When you look through the viewfinder and hold the shutter button down halfway, you probably see a variety of rectangles that light up, perhaps in red. Most cameras come pre-set so that some or all of the rectangles are “active,” meaning that they are all attempting to acquire focus when you aim the camera at your subject.
While that works reasonably well much of the time, there are many other times when it does not provide accurate focus. After all, the camera is just a non-thinking device, and does not know what YOU want to focus on.
If you have not read Wednesday’s and Thursday’s blogs, you might want to do that now so that the rest of this article will make more sense. Those blogs deal with Depth of Field and how to control how much of your picture is in focus. In order to do that most successfully, you also need to do what is recommended in this blog.
And what is recommended is this: instead of allowing your camera to attempt to focus on a variety of elements in the scene, YOU control what it is focusing on. To do that, all that is needed is to set your camera so that ONLY ONE OF THE FOCUS POINTS IS ACTIVE. The only active one should be the one in the very center of the viewfinder. Your owner’s manual will tell you how to change this on your camera. It is a simple modification, and can always be changed back if needed. But once you get used to this, and see how much more focus accuracy it provides, you will never want to go back.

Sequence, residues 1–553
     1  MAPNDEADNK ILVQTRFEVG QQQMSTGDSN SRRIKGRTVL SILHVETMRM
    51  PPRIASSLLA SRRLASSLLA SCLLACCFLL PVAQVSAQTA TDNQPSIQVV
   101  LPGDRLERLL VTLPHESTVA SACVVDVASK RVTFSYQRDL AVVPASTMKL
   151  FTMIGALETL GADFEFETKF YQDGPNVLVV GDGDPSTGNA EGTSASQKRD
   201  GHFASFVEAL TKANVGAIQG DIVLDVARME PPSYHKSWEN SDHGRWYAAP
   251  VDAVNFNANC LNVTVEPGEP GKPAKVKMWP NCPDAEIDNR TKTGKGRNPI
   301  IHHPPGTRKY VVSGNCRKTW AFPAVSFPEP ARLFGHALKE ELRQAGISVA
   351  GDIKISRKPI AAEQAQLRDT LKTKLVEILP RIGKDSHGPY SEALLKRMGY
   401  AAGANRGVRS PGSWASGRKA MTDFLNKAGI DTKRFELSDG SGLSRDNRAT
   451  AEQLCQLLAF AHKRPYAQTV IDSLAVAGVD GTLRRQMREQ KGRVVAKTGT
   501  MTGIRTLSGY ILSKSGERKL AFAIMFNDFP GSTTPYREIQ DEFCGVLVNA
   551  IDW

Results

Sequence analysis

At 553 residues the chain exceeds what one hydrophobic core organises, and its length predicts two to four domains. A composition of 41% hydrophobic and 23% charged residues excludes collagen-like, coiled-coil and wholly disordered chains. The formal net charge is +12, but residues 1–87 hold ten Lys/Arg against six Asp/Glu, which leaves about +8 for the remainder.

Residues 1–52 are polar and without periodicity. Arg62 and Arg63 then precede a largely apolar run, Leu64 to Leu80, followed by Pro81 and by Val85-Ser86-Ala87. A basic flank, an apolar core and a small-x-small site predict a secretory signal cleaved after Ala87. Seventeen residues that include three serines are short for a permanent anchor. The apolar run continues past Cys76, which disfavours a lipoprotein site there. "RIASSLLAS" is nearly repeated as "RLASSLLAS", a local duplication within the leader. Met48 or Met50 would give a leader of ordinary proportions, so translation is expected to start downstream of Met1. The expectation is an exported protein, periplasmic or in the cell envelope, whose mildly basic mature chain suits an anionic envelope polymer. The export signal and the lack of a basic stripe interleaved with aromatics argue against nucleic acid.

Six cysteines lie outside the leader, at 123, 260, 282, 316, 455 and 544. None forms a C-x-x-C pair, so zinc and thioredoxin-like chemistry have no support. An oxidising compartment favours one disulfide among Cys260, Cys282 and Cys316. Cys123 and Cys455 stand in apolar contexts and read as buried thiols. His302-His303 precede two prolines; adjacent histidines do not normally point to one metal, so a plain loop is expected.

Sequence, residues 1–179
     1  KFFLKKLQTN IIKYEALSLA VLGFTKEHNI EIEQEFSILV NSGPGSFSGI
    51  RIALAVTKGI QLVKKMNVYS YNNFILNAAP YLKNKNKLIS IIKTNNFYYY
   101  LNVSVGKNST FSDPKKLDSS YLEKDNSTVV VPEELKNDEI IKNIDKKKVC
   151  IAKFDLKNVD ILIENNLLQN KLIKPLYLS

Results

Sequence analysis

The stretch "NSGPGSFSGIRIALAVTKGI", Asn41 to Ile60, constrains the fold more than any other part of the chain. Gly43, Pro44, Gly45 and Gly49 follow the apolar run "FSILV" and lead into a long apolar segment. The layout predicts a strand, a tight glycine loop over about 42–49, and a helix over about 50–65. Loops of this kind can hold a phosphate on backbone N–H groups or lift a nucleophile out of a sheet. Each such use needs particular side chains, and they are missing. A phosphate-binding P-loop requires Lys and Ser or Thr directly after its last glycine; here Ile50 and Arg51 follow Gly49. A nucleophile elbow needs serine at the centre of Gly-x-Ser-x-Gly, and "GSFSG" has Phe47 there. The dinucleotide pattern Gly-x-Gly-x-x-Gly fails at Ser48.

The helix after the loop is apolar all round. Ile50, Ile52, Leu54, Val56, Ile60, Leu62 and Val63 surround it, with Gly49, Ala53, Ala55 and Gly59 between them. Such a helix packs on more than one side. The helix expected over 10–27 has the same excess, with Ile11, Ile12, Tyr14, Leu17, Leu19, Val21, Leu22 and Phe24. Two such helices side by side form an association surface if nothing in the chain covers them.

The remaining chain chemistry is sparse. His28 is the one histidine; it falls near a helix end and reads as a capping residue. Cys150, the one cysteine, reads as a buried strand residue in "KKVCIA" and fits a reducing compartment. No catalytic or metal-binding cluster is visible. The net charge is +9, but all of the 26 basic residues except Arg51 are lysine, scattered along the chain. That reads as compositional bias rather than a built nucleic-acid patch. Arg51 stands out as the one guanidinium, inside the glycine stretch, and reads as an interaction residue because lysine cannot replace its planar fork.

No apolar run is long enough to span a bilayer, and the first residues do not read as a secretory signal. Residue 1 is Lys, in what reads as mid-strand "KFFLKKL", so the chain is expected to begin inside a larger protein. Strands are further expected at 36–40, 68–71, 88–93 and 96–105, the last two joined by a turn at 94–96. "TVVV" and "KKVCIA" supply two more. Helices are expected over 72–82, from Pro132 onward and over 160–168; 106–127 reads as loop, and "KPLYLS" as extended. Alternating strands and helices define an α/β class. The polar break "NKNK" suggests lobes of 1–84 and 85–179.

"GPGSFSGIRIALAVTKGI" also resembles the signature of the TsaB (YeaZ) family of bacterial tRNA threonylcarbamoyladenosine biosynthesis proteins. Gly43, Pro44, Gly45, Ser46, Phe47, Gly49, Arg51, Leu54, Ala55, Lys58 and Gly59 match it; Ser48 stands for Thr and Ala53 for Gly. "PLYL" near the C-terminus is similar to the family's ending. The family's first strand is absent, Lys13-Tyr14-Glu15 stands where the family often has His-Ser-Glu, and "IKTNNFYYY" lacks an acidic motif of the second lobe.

Here is the basic working method. Aim the center focus point in the viewfinder at the primary subject or the main area of a scene that you want to be in focus. Then press the shutter button down halfway so that the camera will focus on what you have aimed at, continue to hold the shutter button down halfway and recompose so that the shot is framed however you want it to be. By keeping the shutter button depressed halfway, focus will not change when you recompose. Once the shot is lined up to your satisfaction, press the shutter button down completely to take the picture.
If you use back button focus rather than using the shutter button to focus, which I highly recommend and is a topic for another blog in the future, your focusing procedure will be simpler. Place the center focus point on the subject as above, press the back focus button and release it, then recompose and click the shutter.
In today’s photo, the center focus point was aimed at the grass stem on the left. Once I had focused on that, I then recomposed to place the sun in the lower left of the frame, and then clicked the shutter.
The benefit of using just the one focusing point in the center of the viewfinder is that it makes focusing faster, easier, and more foolproof. And it keeps you in control of your camera, which is the best way to guarantee great photographs.
Shutter Speed 1/1250 sec. Aperture f/6.3. ISO 400. Lens: Canon 70-200mm f/4L IS, set at 200mm. Camera: Canon 30D. Handheld.
TODAY’S QUOTE: “The control center of your life is your attitude.” --anonymous